September 2012

An Interview with Jean Valentine

Rebecca Morgan Frank
Jean Valentine is the author of eleven books of poetry, including Break the Glass (Copper Canyon, 2010); Little Boat (Wesleyan University Press, 2007); National Book Award-winner Door in the Mountain: New and Collected Poems 1965-2003 (Wesleyan, 2004); and her first book, Dream Barker, which won the Yale Younger Poets Award in 1965, as well as the forthcoming Dark Elderberry Branch: Poems of Marina Tsvetaeva (Alice James Books), translated with Ilya Kaminsky.
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Borges As Self: Toward Teaching Creative Writers

Eric LeMay
Since Borges discovered the improbable world we now inhabit--where representation eclipses reality, knowledge founders and reforms, art tangles inescapably with its past, and time and space loop and layer--it's not surprising he found himself there, too. In a brief essay called "Borges and Myself" Borges explains his relationship to "the other man, to Borges." The essay describes an improbable, even impossible relationship, self-as-not-self, which is to say a relationship that's wholly Borgesian.
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An Epistolary Plea

Heather Stanfill
I write to you in hopes of pleading the case of the epistolary form. Ignore the risks and the troubles of an epistolary conceit, and focus on the rewards! The benefits of this technique and the long history of the epistle's relationship with fiction has inspired me to explain to you why letter writing should be brought back into every writer's toolbox.
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The Ampersand: Casual Vortex or Engraver's Shortcut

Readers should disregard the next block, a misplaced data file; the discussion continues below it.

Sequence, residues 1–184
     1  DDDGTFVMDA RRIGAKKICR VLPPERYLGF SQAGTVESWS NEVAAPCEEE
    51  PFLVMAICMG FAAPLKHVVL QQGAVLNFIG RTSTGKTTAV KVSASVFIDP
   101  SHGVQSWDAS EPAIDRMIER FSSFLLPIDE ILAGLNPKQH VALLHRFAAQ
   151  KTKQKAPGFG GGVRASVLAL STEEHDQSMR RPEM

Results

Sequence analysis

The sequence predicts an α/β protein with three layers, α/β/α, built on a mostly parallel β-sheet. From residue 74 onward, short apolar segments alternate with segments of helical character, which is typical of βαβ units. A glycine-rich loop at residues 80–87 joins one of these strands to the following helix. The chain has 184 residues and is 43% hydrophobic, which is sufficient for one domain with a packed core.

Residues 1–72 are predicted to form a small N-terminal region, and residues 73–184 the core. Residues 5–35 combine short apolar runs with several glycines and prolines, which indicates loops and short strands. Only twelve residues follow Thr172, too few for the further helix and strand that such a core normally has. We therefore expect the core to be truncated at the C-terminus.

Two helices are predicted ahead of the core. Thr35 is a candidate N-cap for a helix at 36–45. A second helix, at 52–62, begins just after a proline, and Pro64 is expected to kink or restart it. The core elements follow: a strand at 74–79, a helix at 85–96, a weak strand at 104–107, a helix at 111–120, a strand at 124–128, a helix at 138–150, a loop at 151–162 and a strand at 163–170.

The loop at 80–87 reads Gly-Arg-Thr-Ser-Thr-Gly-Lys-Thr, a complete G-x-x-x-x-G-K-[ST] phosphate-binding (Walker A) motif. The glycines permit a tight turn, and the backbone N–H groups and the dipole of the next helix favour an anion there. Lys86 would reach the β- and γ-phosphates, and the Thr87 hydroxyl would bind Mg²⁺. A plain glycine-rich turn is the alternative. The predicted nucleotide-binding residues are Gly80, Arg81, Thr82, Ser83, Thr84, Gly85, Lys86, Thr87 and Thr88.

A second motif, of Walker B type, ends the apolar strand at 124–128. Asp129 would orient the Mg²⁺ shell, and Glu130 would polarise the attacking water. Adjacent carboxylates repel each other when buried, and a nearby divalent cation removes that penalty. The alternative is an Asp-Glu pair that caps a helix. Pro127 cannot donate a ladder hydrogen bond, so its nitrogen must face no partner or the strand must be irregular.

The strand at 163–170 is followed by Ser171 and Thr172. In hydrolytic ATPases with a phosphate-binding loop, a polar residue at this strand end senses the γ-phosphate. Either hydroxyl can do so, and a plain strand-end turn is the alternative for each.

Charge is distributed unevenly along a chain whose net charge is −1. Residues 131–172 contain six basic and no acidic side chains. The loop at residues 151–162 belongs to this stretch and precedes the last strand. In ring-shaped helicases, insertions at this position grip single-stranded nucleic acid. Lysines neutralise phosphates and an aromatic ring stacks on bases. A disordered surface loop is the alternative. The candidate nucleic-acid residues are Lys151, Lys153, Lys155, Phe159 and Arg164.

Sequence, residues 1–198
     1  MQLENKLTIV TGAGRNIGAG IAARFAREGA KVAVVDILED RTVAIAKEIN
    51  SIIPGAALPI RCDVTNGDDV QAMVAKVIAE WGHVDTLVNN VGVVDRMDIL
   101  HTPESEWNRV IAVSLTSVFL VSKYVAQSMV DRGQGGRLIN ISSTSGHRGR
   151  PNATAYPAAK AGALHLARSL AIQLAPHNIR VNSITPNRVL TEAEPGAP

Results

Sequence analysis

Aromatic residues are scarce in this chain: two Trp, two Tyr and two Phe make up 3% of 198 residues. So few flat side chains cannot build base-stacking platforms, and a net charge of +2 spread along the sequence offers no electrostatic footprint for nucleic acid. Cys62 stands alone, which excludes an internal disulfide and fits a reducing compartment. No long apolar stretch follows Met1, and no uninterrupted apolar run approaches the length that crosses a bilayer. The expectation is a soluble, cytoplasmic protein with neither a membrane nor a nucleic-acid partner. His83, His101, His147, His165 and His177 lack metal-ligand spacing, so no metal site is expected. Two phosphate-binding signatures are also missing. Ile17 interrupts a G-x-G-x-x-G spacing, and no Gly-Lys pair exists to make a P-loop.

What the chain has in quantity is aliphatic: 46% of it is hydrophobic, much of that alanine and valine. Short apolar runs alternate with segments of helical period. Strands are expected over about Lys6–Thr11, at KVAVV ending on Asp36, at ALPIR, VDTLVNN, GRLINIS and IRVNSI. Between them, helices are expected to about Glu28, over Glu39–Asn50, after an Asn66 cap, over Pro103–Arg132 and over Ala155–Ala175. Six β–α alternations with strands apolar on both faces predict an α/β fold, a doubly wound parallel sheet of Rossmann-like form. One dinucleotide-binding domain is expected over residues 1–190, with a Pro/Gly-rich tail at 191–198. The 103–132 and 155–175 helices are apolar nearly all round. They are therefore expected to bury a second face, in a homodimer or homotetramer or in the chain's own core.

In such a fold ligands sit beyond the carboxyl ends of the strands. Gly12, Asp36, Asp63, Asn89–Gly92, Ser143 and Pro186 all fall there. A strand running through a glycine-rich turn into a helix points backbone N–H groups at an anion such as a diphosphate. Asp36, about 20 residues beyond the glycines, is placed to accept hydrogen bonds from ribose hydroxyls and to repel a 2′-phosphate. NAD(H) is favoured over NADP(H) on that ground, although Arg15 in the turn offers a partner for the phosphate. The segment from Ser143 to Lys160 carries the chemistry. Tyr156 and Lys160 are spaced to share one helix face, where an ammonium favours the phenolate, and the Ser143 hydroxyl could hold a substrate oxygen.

Patrick Moran
At the Hamilton Wood Type Museum in Two Rivers, Wisconsin, there is an ampersand approximately twenty-four inches high and eighteen inches wide in a sans serif condensed Gothic style. It is made of two magnificently routered, ink-stained pieces of maple glued together to form a single printing block. It has the patina of an old pair of black janitor shoes and was probably used on a fairly regular basis for law firms and dry goods stores now long gone. When you hold it in your hands, it calls to mind something like a combination between Andy Goldsworthy's monolithic sculptures and Louise Nevelson's dark, obsessive assemblages.
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Essaying "The Thing"

Joey Franklin
In 1911, Ezra Pound stepped off the Metro in Paris and entered a crowd of people that would change his life forever.
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On Duende: Reading Federico Garcia Lorca

Frederick Smock
In the year 1400, the Gypsies were driven out of the Orient by Tamerlane's hundred-thousand horsemen. Those Gypsies who eventually settled in the Andalusia region of Spain grafted their poetry onto the Andalusian chants of the time and perfected what Federico Garci­a Lorca termed "deep song":
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The Battle Over Electronic Publishing

Ronald Goldfarb
In the May/Summer 2012 issue of the Writer's Chronicle, Ronald Goldfarb wrote about the changing world of electronic publishing generally. Here he discusses the current litigation brought by the Department of Justice against several major publishers and Apple over alleged price fixing for electronic books.
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Writing Requires an Almost Physical Sense of Timing

Nancy Bunge
This 1980 interview with John Casey gives a sense of the integrity and self-awareness that underlie his successful career as both a writer and a teacher.
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